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HOME NRI JOURNAL Takahide Kiuchi's View - Insight into World Economic Trends :
China to Launch a Central Bank Digital Currency in Response to Libra


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Takahide Kiuchi's View - Insight into World Economic Trends :
China to Launch a Central Bank Digital Currency in Response to Libra

Takahide Kiuchi, Executive Economist, Financial Technology Solution Division

#Takahide Kiuchi

#Market Analysis

Sep. 17, 2019

China is expected to be the first major country to issue a full-fledged central bank digital currency. The move was prompted by Facebook’s plans to launch a new digital currency called Libra.

Aiming to replace cash

Libra is expected to be used widely around the world in regions other than China. However, it is likely that the Chinese authorities, concerned about its eventual spread to China, were quick to issue their own central bank digital currency (CBDC) to compete with Libra.
As the mechanism of this CBDC has not yet been clarified, I have inferred the following from the fragmented comments made by officials of the People's Bank of China.
The People's Bank of China's CBDC is not meant to be a substitute for bank deposits, which is a means of payment offered by private banks, but rather a replacement for cash issued by the central bank. If the CBDC replaces bank deposits on a large scale, bank operations would be adversely affected due to a reduction in the volume of deposits.
On the other hand, if the CBDC replaces cash, the costs associated with manufacturing, transporting, and storing cash will be reduced and the economy will become more efficient.

A highly anonymous digital currency

In China, where private digital currencies (such as Alipay and WeChat Pay) and smartphone payment apps are already widespread, the question that arises is whether it is necessary for the central bank to further promote the move towards cashless by issuing a CBDC.
In response to this, the People's Bank of China explains the difference between the two forms of currencies. While Alipay and WeChat Pay conduct transactions via the user’s bank account, the new CBDC will be independent of bank accounts. The specific mechanism is unclear, but if the transaction is completed without relying on a bank account, it will be a very close substitute for cash.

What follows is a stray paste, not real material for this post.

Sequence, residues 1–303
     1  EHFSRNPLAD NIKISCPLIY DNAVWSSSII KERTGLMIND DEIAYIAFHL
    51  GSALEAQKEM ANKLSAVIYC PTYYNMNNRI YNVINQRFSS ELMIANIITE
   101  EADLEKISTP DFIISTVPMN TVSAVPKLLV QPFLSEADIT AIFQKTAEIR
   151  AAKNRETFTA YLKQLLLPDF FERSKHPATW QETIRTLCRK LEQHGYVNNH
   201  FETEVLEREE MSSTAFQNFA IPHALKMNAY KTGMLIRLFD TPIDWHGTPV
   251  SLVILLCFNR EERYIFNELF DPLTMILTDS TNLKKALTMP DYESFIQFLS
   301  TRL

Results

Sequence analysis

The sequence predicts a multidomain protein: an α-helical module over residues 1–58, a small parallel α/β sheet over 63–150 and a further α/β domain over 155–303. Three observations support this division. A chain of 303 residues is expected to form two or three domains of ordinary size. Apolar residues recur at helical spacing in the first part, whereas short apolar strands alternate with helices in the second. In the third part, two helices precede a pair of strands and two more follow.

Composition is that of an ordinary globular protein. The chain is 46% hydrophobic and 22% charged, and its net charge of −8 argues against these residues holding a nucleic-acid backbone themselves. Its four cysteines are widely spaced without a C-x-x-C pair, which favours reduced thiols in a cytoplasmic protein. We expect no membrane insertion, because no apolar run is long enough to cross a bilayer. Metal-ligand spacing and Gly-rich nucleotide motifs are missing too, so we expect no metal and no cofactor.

Moreover, the People's Bank of China also points out the high level of anonymity of the CBDC, unlike Alipay and WeChat Pay. When an individual purchases goods at a store using Alipay or WeChat Pay, the transaction details such as who purchased what, when, and where gets stored in his/her Alipay or WeChat Pay account. This data is used by Alipay and WeChat Pay, or their parent companies Alibaba and Tencent respectively, to make money.
However, many people in China are reluctant to share their data, and the Chinese government and the People's Bank of China appear to recognize that this is hindering the widespread adoption of digital currencies. The latter explains that the bank cards and smartphone payment apps currently in use do not provide the level of anonymity desired by users.
For this reason, the design of the new CBDC emphasizes its high degree of anonymity. It is close to cash in this respect as well, in that there will be no record of who used it.
However, it is not yet clear how the anonymity of the CBDC will be ensured. It is possible that instead of being managed through a bank account, it may be transferred and stored in individual users' smartphones or other devices. If so, it will be closer to electronic money.

A trigger for internationalization of the Chinese Yuan

The Chinese government and the People's Bank of China are rushing to launch the CBDC in response to Libra, but they also seem to be looking to expand its use in countries other than China.
For remittances in Chinese yuan made between China and the rest of the world, this CBDC will be able to provide a new means of international payments that can be made quickly, cheaply, and with the guarantee of the central bank. If this high level of convenience leads to an increase in yuan-denominated transactions worldwide, it will help in the internationalization of the yuan. Thus, the Chinese government and the People's Bank of China may also be aiming for this when launching the CBDC. In any case, China’s plan to issue CBDC can be understood in the larger context of the battle for currency supremacy between the United States and China.
The People's Bank of China says that the currency is almost ready. We do not know the exact timing, but it could be launched by the end of the year. If it does happen, China would become the first major country to issue a full-fledged CBDC. It is also interesting to note that the first response to Libra, which only deals with countries other than China, is coming from Chinese authorities.

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